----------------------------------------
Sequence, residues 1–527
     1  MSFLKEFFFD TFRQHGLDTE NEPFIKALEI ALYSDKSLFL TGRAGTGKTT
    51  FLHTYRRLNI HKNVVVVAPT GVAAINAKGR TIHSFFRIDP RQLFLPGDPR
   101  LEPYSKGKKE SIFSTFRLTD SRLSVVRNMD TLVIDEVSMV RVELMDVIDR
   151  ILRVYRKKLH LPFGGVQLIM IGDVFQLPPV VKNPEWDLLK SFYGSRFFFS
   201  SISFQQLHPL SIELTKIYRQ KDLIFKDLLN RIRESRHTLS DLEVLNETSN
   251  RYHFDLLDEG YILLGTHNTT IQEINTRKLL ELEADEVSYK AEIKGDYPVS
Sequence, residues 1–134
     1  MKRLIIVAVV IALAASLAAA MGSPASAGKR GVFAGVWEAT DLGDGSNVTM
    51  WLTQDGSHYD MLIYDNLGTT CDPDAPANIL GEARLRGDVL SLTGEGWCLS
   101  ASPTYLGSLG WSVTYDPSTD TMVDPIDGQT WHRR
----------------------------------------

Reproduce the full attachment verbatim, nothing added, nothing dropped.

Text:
Sequence, residues 1–527
     1  MSFLKEFFFD TFRQHGLDTE NEPFIKALEI ALYSDKSLFL TGRAGTGKTT
    51  FLHTYRRLNI HKNVVVVAPT GVAAINAKGR TIHSFFRIDP RQLFLPGDPR
   101  LEPYSKGKKE SIFSTFRLTD SRLSVVRNMD TLVIDEVSMV RVELMDVIDR
   151  ILRVYRKKLH LPFGGVQLIM IGDVFQLPPV VKNPEWDLLK SFYGSRFFFS
   201  SISFQQLHPL SIELTKIYRQ KDLIFKDLLN RIRESRHTLS DLEVLNETSN
   251  RYHFDLLDEG YILLGTHNTT IQEINTRKLL ELEADEVSYK AEIKGDYPVS
Sequence, residues 1–134
     1  MKRLIIVAVV IALAASLAAA MGSPASAGKR GVFAGVWEAT DLGDGSNVTM
    51  WLTQDGSHYD MLIYDNLGTT CDPDAPANIL GEARLRGDVL SLTGEGWCLS
   101  ASPTYLGSLG WSVTYDPSTD TMVDPIDGQT WHRR